A sepia toned, black and white postcard of the Holbrook shafts. The front caption on the top left reads: “Old and New Holbrook Shafts BISBEE, Arizona.” The postcard is unused and was published by the Albertype Company, Brooklyn, New York and C.W. Barker.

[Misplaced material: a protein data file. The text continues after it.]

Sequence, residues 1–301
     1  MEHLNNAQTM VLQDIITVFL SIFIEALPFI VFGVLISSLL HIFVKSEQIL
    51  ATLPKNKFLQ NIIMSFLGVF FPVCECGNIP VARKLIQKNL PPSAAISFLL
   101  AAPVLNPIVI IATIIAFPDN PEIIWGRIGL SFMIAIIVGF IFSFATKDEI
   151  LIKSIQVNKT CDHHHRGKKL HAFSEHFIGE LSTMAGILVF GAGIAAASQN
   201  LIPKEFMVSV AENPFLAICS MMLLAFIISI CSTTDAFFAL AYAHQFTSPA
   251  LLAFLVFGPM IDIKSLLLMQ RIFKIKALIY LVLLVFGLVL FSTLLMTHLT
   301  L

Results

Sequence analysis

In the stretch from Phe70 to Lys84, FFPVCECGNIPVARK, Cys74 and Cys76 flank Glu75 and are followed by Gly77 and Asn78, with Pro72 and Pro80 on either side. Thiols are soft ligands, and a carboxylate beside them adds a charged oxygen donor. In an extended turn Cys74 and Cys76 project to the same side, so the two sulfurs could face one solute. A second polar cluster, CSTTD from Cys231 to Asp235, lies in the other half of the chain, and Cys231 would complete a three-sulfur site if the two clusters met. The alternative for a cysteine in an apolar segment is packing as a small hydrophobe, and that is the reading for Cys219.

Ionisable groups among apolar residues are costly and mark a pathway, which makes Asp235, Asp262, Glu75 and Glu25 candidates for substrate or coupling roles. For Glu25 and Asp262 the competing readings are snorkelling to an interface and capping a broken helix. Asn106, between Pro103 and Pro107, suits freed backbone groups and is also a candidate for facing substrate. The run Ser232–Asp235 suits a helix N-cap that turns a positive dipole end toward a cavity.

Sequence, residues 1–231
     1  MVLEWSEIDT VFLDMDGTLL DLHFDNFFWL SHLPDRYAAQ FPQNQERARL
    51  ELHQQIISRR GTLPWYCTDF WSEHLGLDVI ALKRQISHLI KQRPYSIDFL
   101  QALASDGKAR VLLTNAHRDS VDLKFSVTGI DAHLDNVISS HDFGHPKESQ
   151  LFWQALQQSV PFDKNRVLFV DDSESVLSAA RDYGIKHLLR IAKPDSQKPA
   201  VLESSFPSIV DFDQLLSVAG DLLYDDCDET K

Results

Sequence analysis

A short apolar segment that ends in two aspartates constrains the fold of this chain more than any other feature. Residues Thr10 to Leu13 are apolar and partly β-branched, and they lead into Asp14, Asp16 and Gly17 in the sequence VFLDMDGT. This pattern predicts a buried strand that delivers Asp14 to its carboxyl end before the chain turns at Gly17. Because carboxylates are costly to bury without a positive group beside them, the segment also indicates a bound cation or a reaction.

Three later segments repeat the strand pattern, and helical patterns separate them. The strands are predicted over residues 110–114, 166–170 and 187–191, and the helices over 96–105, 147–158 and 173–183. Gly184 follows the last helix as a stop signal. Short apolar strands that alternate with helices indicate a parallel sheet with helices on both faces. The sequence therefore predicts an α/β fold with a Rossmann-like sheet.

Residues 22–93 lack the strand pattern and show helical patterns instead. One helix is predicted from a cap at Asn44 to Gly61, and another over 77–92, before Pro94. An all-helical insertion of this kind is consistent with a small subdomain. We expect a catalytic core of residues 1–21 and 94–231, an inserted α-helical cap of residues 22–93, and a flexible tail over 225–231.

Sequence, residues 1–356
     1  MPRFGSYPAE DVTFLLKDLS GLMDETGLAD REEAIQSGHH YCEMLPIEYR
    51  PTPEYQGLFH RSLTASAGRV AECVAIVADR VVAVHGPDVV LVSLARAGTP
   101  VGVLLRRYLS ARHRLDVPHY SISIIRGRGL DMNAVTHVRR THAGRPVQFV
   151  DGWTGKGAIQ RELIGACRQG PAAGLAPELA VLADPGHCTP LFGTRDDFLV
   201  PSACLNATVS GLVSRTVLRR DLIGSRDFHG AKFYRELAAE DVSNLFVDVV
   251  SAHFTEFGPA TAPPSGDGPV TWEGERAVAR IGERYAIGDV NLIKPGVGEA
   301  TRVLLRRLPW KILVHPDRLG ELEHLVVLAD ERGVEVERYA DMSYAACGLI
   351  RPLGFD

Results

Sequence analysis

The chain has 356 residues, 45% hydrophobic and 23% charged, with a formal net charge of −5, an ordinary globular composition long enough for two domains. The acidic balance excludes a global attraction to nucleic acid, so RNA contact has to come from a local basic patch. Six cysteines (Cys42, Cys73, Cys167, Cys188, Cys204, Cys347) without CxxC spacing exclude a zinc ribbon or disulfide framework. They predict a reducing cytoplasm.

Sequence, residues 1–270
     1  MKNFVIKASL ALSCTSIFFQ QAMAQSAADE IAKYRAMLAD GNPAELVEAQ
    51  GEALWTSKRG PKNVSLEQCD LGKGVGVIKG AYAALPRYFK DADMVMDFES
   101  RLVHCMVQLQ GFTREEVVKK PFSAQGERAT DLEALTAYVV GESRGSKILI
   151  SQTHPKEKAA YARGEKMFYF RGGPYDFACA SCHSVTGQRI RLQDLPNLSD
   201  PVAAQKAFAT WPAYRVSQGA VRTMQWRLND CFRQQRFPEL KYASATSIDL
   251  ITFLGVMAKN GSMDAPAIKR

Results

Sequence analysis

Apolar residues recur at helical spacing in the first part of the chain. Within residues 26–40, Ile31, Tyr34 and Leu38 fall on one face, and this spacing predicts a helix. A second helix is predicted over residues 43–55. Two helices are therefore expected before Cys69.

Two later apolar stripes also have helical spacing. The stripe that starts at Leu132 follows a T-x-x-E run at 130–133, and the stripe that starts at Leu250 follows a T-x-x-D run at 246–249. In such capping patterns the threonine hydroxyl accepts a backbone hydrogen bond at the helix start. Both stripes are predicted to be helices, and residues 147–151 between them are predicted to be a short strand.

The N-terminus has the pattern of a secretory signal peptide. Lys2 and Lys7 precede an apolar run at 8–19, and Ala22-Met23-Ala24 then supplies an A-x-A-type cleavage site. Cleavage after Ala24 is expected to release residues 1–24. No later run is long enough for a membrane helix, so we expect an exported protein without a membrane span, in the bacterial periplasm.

The Holbrook claim was made by J.C. Nichols, it was then bought by F.M. Adams and J.W. Harter who began to sink the Holbrook Mine in March 1881. The mine’s ownership passed to Joseph Russell, but he wasn’t able to work it for long: the Holbrook went bankrupt due to the lowered price of copper. In January 1897, The Copper Queen Company consolidated with Holbrook on James Douglas’s suggestion. The Holbrook shaft became the largest shaft in the Warren district. It was vulnerable to collapse and suffered a number of cave ins. A major one took place on July 16th, 1906, and made it impossible to hoist the double deck cages because the shaft had become so crooked. A Superintendent Clawson is quoted in Bisbee Daily Review “Yes, it is true that the Holbrook has been put out of commission. But we have been expecting it for some time. We have taken every precaution to prevent this state of affairs, but the continual shifting of the mountains which have been undermined has proven too much for the handiwork of man.” Along with collapses, the Holbrook miners were vulnerable to fires and poisonous gasses. When in production, the Holbrook produced 1,000 tons of ore a day and was known for producing beautiful specimens of azurite and malachite. One of the more tragic accidents that happened in Bisbee mines was one that claimed the life of 17-year-old Charles Huber in the Holbrook mine. His father worked at Holbrook as a blacksmith and Charles was there as a helper. While placing wooden planks over a manhole, he slipped through the opening, fell 100 feet, and struck his head on an ore car. By 1917, the Holbrook ore reserves were depleted. In 1920, it was temporarily shut down and reopened in 1921. Starting in 1926 the mine was leased out. In January 1944, the Holbrook Mine was closed and all but the most valuable equipment was abandoned. The Holbrook Shaft eventually disappeared in the expansion of the Lavender Pit in 1969.
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